Wednesday, June 02, 2010


A reader (he's ex-navy, but we won't hold that against him, because we're inclusive here at RotLC) sent me the following email:


The district in which I teach 8th grade Algebra is wanting in the near future to move from a standard reporting system (A, B, C, D, F) to a Standards Based Reporting System (4-Exceeding Standard; 3-Meeting Standard; 2-Approaching Standard; 1-Below Standard).

What are your thoughts on Standards Based Reporting and Assessment, and what have you read/heard (if anything) about the negative impact that has on the grading system they’ll get in high school (which is back to the standard reporting system)?


My quick reply was that changes like this are made for only a couple reasons, the most likely of which is the attempt to hide something (perhaps, the achievement gap between different groups of students). Everyone knows what an A, B, C, D, and F represent; is everyone so clear on what "approaching standards" means? No? Then we can hide a lot of D's and F's that way.

Coincidentally enough, the current issue of the CTA mouthpiece rag has an article on grading--and contrary to what you might expect from such a liberal organization, they seemed to get it right:

When the West Contra Costa Unified School District adopted standards-based grades for elementary schools, report cards became more confusing for teachers, students and parents, says Gig Jenkins, a second-grade teacher at Grant Elementary School in Richmond.

Numbers replaced letter grades, with 1 showing that a student needs improvement; 2 showing the student approaching the standards; 3 showing the student meeting benchmarks; and 4 showing that the student is advanced. Instead of being graded overall on subjects, students are graded on many standards within core subjects.

Jenkins was part of a committee that helped create the report cards measuring student progress toward meeting state standards. With so many standards, not all were included.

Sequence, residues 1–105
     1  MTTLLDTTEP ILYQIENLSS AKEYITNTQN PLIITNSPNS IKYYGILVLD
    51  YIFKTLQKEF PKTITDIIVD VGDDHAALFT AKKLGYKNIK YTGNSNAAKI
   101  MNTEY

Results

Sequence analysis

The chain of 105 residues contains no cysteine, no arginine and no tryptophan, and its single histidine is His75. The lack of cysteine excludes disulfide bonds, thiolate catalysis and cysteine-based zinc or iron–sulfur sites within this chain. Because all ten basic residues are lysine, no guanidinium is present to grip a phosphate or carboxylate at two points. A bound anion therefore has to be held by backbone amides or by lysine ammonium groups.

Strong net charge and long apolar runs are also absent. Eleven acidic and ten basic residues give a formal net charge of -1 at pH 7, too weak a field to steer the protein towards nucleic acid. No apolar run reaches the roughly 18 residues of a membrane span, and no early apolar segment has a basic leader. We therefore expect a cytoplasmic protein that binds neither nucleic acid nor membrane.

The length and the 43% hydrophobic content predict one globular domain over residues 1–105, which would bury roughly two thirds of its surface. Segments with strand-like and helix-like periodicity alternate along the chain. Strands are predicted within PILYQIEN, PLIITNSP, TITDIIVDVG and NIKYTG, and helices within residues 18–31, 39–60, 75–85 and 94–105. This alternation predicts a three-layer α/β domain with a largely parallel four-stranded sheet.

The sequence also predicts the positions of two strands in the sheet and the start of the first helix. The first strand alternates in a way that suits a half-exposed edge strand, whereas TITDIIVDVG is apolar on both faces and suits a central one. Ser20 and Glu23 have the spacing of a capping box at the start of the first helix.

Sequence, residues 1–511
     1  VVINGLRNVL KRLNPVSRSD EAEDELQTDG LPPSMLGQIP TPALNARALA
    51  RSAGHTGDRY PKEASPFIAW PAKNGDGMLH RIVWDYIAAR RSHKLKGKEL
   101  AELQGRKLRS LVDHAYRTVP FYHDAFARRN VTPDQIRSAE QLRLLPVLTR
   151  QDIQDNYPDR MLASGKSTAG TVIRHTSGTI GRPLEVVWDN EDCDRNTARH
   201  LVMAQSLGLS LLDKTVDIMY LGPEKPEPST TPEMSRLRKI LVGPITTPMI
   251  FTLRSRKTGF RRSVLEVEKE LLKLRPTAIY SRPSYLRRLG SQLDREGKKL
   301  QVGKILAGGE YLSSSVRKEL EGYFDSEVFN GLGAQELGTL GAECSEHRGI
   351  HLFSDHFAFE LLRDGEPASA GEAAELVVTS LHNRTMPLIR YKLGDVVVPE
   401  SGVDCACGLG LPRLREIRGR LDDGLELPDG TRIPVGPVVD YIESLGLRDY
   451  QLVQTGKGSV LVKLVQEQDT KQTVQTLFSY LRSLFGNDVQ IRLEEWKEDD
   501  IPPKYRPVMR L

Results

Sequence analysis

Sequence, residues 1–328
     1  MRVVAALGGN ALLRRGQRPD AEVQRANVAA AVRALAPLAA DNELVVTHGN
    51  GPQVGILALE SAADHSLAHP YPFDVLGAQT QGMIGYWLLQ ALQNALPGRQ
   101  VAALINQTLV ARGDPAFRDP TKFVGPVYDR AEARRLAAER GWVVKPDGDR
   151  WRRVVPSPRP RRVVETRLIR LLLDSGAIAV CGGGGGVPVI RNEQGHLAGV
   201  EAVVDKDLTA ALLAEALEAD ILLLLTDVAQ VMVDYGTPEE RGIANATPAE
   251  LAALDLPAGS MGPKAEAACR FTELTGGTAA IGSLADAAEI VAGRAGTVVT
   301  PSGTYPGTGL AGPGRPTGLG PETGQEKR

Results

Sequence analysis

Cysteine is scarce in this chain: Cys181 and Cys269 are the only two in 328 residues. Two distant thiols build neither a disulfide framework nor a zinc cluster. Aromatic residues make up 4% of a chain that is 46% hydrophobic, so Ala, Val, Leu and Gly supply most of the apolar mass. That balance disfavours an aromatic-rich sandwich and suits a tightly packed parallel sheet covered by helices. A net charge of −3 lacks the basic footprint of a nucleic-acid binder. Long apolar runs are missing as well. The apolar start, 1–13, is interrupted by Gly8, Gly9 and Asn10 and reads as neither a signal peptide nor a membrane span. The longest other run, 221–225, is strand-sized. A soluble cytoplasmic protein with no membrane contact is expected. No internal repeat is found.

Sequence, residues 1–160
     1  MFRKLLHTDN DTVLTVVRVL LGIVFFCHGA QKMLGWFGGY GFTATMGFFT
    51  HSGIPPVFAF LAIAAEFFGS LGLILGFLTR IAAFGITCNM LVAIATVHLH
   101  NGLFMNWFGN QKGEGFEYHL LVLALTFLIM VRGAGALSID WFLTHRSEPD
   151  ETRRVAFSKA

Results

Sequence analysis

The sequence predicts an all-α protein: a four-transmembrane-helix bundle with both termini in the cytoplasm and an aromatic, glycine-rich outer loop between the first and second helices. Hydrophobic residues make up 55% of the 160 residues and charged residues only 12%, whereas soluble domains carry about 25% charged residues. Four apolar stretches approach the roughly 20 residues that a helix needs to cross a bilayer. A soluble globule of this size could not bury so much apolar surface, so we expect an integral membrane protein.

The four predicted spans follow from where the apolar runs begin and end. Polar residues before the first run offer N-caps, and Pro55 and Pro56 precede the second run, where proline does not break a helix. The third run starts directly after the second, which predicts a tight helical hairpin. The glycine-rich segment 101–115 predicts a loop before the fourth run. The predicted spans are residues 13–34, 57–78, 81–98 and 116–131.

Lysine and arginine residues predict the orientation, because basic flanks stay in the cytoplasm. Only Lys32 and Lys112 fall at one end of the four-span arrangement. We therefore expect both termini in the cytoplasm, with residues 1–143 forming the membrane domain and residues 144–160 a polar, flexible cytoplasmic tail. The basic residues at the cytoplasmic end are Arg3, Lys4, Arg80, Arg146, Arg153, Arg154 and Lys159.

“We used our district ‘power standards,’” recalls Jenkins, a member of the United Teachers of Richmond. “Our committee looked at report cards from other districts with standards-based report cards and created our own.”

The report cards are confusing and are not particularly parent-friendly, says Jenkins. “Many people, including myself, believe the standards-based language of the report cards is geared more toward guiding teachers than informing parents.”

Parents are baffled by such things as a math standard that evaluates students on their ability “to use the commutative and associative rules to simplify mental calculations,” or a language-arts standard that determines whether students “decode phonetic patterns — plurals and diphthongs"...

When schools go to standards-based report cards that mirror testing results, it can be more difficult for students to raise their grades through traditional avenues such as extra credit, homework and class participation. Parents may be mystified as to how their child compares with his or her classmates. While standards-based grades are increasing in elementary schools, high schools don’t use them, since college acceptance is usually based on a student’s grade point average.

I genuinely enjoyed this little slap of reality:

An ABC News report raised the question of whether eliminating failing grades — a trend nationwide — might be “coddling” students. Some education experts say it reflects a trend to “protect” children from the harsh reality that they have failed, such as when children receive trophies for “participation” in competitions they lost. Another question is whether eliminating failing grades adequately prepares students for college or life.

Several professors at Sierra College, a community college in Rocklin, were unaware of the “no-D” policy at the local high schools and said they now understand why some of their students expect extra chances.